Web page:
My mindfulness over church purity is put on leash by the wisdom of that parable of the tares. I have much faith in Jesus, and I have faith that the angels will make no mistake in their God-given task of uprooting every tare they could find in the spiritual wheat fields of the world when the day of uprooting comes, which shall be on the Day of Judgment. And so our present ante-Judgment job is not to cut the tares among the churches of Christ, nor to consign false teachers and false brethren to hell (no human has such power) but to rebuke, correct, reprove with all long-suffering. Rebuke till kingdom come.

Frankly, it is a job I don’t like. Try saying the thing that challenges the sacred icons in our brotherhood, and you will be hounded by some of your brethren throughout the rest of your life. Try to propose an innovation by pumping out an original which you see the Bible teaches, and someone will jump up and down and label you a divider of churches if not a trouble-maker.

Someone calls it a thankless job. Thanks for the suggestion.

Frankly, I feel tired of this job. It has given my wife sleepless nights and often put my life on the line. Feel tired is the right term. I feel tired of this earth too. Who likes to remain here? You can have it all—riches, including its troubles and its cares. I want to leave.

But frankly, I am not getting out of this job. For this job runs the gamut of everything that is weak and human and needy in me. It is grace that imposes on me something that the grace Giver does not. When I first enlisted, I accepted it without question, barely knowing my Maker and what He expects of me. It is a life with its growing pains, but one filled with great expectations. I may want to leave but I am not getting down yet. Not yet until He calls me.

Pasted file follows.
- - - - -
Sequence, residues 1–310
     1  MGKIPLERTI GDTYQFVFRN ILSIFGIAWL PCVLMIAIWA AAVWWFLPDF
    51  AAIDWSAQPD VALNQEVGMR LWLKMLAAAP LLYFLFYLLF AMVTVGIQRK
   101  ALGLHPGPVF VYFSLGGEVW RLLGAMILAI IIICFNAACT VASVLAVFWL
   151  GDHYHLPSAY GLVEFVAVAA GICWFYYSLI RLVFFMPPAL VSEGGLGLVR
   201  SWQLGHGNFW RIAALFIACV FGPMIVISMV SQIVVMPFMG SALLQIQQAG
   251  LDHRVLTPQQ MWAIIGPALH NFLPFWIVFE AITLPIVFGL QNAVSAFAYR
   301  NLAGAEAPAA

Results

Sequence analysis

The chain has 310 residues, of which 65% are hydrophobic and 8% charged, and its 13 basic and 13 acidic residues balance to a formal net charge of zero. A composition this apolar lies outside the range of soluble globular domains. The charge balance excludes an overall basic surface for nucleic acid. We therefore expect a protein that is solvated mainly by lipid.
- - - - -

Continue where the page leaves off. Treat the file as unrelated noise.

Someone has suggested to me to write my rebukes with a disclaimer. Well, question: Will they listen if I do?

I have decided I would write my rebukes with many apologies. Here goes:

I apologize for hurting your feelings, you guys whom I have reproved, rebuked and corrected. It is not my purpose to hurt your feelings. I apologize for giving you sleepless nights; I apologize because I think your sleepless nights matter more than my sleepless nights, because your hurts matter more than my hurts.

But while I apologize, I will simply not stop telling you the truth that often needs to be retold, even on deaf ears. While we may be characters who do not suffer long, we are urged to stick to this job with all long-suffering. I understand that to mean forever. I understand that too to have begun from the watery grave to the earth grave.

After all, we believe we have a righteous Judge who will always judge us fairly. We may be wrong in some of our judgments and criticisms, and the Lord will even that.

And what about that man whom I argued with on the Internet? He chose to clamp down. After his five emails on the issue and my four replies, he cut me off. It is not good for his soul, but I have done my job.

PS. I have just recovered from my Alzheimer’s. That above-mentioned atheist-philosopher’s name was Voltaire.